Looking After Your Toothbrush
How we look after this everyday piece of personal care equipment could make a real difference to the health of our teeth and gums.
The humble toothbrush; a fairly ‘boring’ piece of equipment that we (hopefully) use twice a day to clean our teeth. Even after the initial appeal of electric toothbrushes, we doubt that many of our Bedford patients give them a second thought very often, or even at all.
Despite this, the humble toothbrush is the patient’s main weapon in the fight against tooth decay and gum disease. Even those of us who avoid sugar as far as possible will still be at risk if we don’t clean our teeth and gums properly.
We have discussed your options about whether to buy a manual or electric toothbrush in a previous blog. Whichever you choose though, it is important that you look after it well to ensure the best cleaning experience possible.
Keep it clean
What do you do once you have brushed your teeth? The chances are that most patients of The Dental Centre Bedford will simply rinse the head of the brush, give it a shake and put it back where it came from. This is unlikely to kill bacteria that has collected on the bristles and whilst some may die naturally when exposed to an external environment, this may not be the case with them all. We would recommend that you clean the brush head by immersing it in boiling water for a few minutes or soaking it in antibacterial mouthwash periodically. This is especially important if you have had a cold or flu virus. In that situation, you may prefer to throw it away and replace it instead.
Relating to the above, it is worth considering where you actually store your toothbrush. Especially if it is not kept in a holder that protects the bristles, it should be stored as far away from your toilet as possible. Bacteria and tiny pieces of fecal matter can become airborne when you flush your toilet, so storing your brush as far away as possible from your toilet as possible makes very good sense.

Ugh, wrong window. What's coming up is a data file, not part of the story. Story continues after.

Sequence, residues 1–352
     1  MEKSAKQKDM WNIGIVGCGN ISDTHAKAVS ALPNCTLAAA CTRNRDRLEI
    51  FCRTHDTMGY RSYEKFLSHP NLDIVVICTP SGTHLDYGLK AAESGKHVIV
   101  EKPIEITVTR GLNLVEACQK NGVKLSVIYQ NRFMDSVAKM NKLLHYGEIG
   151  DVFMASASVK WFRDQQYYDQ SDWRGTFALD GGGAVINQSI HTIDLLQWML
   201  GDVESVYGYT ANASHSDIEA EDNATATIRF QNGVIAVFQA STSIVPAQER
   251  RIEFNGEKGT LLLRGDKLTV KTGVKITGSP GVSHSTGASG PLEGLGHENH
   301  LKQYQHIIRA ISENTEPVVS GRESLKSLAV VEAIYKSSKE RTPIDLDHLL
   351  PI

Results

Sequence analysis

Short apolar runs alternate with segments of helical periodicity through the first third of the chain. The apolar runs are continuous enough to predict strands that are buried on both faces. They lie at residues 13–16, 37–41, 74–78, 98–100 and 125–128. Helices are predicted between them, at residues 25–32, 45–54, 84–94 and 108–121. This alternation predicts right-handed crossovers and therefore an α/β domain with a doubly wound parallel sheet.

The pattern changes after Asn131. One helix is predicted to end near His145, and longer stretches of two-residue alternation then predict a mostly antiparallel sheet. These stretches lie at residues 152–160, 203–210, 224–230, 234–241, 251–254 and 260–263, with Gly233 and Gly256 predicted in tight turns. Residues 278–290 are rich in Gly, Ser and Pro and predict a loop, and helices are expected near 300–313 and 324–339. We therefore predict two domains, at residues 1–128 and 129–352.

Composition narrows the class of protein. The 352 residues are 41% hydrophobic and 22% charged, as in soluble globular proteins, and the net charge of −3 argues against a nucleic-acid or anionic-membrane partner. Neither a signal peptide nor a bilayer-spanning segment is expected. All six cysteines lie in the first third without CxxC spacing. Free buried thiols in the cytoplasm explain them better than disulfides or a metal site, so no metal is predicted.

Even if it is stored a good distance from your toilet, try to store it upright and exposed to fresh air if possible. Bacteria have a tendency to breed faster in warm environments (the same way that bacteria breed faster in a warm, dry mouth and increase the likelihood of gum disease) and denying them this will help to minimise the number of bacteria living on the bristles of your brush.
If we use a toothbrush for a long time, it starts to become more comfortable, with the softer bristles feeling kinder to our teeth and gums. Unfortunately, at this stage, it almost certainly means that it is also less effective. New bristles are firmer and are much more effective at both removing food particles and bacteria from the teeth and gum line. Removing surface staining from your teeth is also done more effectively with a new toothbrush, or head of an electric one. So how often should you replace your toothbrush/brush head? We would say approximately every three months, or before if the bristles are bent or showing other signs of wear.
We know that some of our patients are concerned about the environment and wonder if their toothbrushes can be recycled when no longer in use. Some brushes are now designed to be fully recyclable, but for standard brushes you will need to ask your local council. If you can’t actually recycle them though, here are a few suggestions as to how you can extend their lifespan.
- Use them as a cleaning tool (not for your teeth!) Toothbrushes are excellent for cleaning in small gaps, such as between tiles in your bathroom or kitchen
- Painting – If you enjoy painting, whether landscapes or abstracts, the toothbrush offers an alternative to a brush for producing different effects
- Use it to apply hair dye or to brush your eyebrows
- Clean between your computer keyboard to remove those biscuit crumbs that you just know are in there
- Using a toothbrush and a little shaving cream, you can even remove crayon marks from the wall of your child’s bedroom
Cleaning your teeth regularly is an important part of your everyday oral health care and should be done in the most effective way possible. It is not the only factor though, and both diet and ongoing oral care are equally important. You should certainly see one of our Bedford dental team every six months or so for a regular check up. This enables us to monitor your oral health, offer advice on how you can improve it, and, where necessary offer restoration of any teeth that have suffered from damage or decay.
If you need any help and advice in choosing the right toothbrush for your needs, our dentists are very happy to offer their own advice. Whatever brush you choose though, do make sure to look after it correctly!
Dental appointments can be made at The Dental Centre Bedford by calling us on 01234 819868.